print "Just another Perl ${\(trickster and hacker)},"
        The Sidhekin proves Sidhe did it!

      IMHO goto is a quite exceptable solution when:

      1. It is easy to read and understand the intent
      2. It is within several lines (no more than say 12 lines) from the label

      YMMV

      Did you:

      grep DONE: File/Find.pm

      before you wrote this code? Do you do that for every label you have ever used this way each time you upgrade File::Find? I'd have more sympathy for going against the first paragraph of "perldoc -f goto"1 if Perl supported the following syntax:

      File::Find::find( sub { ... goto My::Package::FOUND ... } ... ); My::Package::FOUND: ....

      Does that give you a better feel why some people are not in favor of such a practice?

      I suspect that using last to exit a sub generates a warning because it is widely considered a bad practice and last is used enough that accidentally using it to exit a subroutine appeared on the radar. So the warning for last and not for goto has more to do with last being seen as useful and used while goto is not. In particular, the lack of a warning is not an indication that the practice is not seen as a bad one (sorry, I wanted one more negation in there but I grew tired).

      I shy aware from using things that the documentation tells me that I shouldn't. Those are the things that get "fixed" to no longer work or that aren't well tested and so nobody notices when they break and so bugs in them survive into "stable" releases.

      I shy aware from practices that break just because someone else somewhere also came up with "DONE" for their label name.

      But I do see the appeal of such simple and clear code (once the reader gets over the shock of using goto to jump out of a possibly large number of subroutine calls, that is).

      BTW, my solution for this problem would probably be to spend less time rolling a dozen-line replacement for File::Find then I'd have to spend searching the File::Find docs to see if it supported a "thanks, I'm done" feature. The classic gotchas are well known to me2 (as well as the failings of File::Find that have caused me grief repeatedly over the many years when I've been unfortunate enough to try to use it or try to use something that used it).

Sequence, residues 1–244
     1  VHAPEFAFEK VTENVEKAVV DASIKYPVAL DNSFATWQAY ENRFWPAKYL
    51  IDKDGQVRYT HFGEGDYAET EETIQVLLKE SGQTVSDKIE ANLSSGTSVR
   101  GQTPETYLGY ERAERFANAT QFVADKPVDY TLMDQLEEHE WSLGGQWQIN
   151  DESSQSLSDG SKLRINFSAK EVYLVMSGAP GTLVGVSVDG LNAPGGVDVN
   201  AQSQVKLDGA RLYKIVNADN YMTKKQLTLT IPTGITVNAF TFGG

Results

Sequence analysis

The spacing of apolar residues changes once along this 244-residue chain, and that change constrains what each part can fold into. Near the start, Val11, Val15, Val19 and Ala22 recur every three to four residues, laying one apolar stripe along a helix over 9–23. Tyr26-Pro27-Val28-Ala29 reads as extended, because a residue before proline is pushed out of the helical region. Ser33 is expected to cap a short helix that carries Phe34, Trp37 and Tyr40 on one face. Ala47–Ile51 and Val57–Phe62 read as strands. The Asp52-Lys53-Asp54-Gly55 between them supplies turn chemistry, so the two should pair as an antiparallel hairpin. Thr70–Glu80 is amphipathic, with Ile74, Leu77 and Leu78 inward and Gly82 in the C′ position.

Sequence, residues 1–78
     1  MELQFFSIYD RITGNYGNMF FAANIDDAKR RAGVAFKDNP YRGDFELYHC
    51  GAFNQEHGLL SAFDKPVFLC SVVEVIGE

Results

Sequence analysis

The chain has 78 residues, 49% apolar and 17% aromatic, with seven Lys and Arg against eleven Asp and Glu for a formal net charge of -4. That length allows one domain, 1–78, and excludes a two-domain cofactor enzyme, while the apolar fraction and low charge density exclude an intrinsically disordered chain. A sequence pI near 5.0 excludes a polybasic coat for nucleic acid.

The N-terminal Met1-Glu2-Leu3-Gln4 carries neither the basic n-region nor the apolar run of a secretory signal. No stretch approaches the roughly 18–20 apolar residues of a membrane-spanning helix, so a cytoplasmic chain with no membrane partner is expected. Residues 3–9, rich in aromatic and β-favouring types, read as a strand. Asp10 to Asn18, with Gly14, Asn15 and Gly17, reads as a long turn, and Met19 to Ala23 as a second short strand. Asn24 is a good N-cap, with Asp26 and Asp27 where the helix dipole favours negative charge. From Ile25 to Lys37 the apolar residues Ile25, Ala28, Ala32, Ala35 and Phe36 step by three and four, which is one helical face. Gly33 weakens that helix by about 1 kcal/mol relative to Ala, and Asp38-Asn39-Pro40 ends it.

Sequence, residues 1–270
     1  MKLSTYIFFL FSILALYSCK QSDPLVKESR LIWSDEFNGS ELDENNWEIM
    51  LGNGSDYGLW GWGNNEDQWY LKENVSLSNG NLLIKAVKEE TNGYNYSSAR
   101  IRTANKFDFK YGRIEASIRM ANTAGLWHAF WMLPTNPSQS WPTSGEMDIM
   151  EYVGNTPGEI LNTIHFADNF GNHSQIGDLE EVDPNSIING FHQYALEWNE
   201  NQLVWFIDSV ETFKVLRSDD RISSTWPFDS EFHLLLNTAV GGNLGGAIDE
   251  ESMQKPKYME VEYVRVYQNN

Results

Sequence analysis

Here, an example I threw together in a couple of minutes:

      BEGIN { my( $dot, $up )= ( File::Spec->curdir(), File::Spec->updir() ); sub SearchDirs { my( $path, $subdir )= @_; $path= File::Spec->catdir( $path, $subdir ); chdir $subdir or die "Can't chdir, $path: $!\n"; opendir D, $dot or die "Can't opendir, $path: $!\n"; my @files= grep $_ ne $dot && $_ ne $up, readdir D; closedir D; for( @files ) { my $recurse= ! -l $_ && -d _; # ... SearchDirs( $path, $_ ) if $recurse; } chdir $up or die "Can't chdir .. from $path: $!\n"; } }

      Using the above would mean that I at least wouldn't have to worry about "goto DONE;" suddenly not working because I upgraded File::Find.

      Just for fun, let's avoid that whole problem and make return work by eliminating the recursion:

      #!/usr/bin/perl -w use strict; use File::Spec; # Globals: my( $FiNode, $FnLinks, @Found ); Main( @ARGV ); exit( 0 ); BEGIN { my( $dot, $up )= ( File::Spec->curdir(), File::Spec->updir() ); sub SearchDirs { my( $path )= @_; my @depth= "."; my @todo= ( ".", $path ); while( @todo ) { my $path= shift @todo; my $subdir= shift @todo; while( $path ne $depth[-1] ) { chdir $up or die "Can't chdir .. from $depth[-1]: $ +!\n"; pop @depth; } $path= File::Spec->catdir( $path, $subdir ); push @depth, $path; chdir $subdir or die "Can't chdir, $path: $!\n"; opendir D, $dot or die "Can't opendir, $path: $!\n"; my @files= grep $_ ne $dot && $_ ne $up, readdir D; closedir D; for( @files ) { push @todo, $path, $_ if ! -l $_ && -d _; if( $FiNode == ( lstat _ )[1] ) { push @Found, File::Spec->catfile( $path, $_ ); return if --$FnLinks < 1; } } } } } sub Main { die "Usage: file dir\n" if 2 != @_; my( $fpath, $dir )= @_; ( $FiNode, $FnLinks )= ( lstat $fpath )[1,3]; if( 1 == $FnLinks ) { print $fpath, $/; } else { SearchDirs( $dir ); print $_, $/ for @Found; } }

      It even works. (:

      - tye        

      1 Quote: It can be used to go almost anywhere else within the dynamic scope, including out of subroutines, but it's usually better to use some other construct such as "last" or "die".

      2 Such as:

      1. Either use chdir and opendir on File::Spec->curdir() or prepend the path before using stat-like operations
      2. Skip File::Spec->curdir() and ->updir() or you'll loop forever
      3. Don't recurse into symbolic links (or keep a hash of where you've been or just assert that circular links cause infinite loops)

Re: aborting File::Find::find
by graff (Chancellor) on Nov 17, 2006 at 02:46 UTC
    Given that you have a specific target file (hence its inode and the number of links to that inode), then why not just use the normal unix "find" utility:
    use strict; my ($dir,$file) = @ARGV; my ($finode,$fnlinks) = (lstat($file))[1,3]; $/ = chr(0); my @hardlinks = `find $dir -inum $finode -print0`; chomp @hardlinks; # get rid of null-byte terminations printf "found %d of %d links for %s (inode %d) in %s:\n", scalar @hardlinks, $fnlinks, $file, $finode, $dir; print join("\n",@hardlinks),"\n";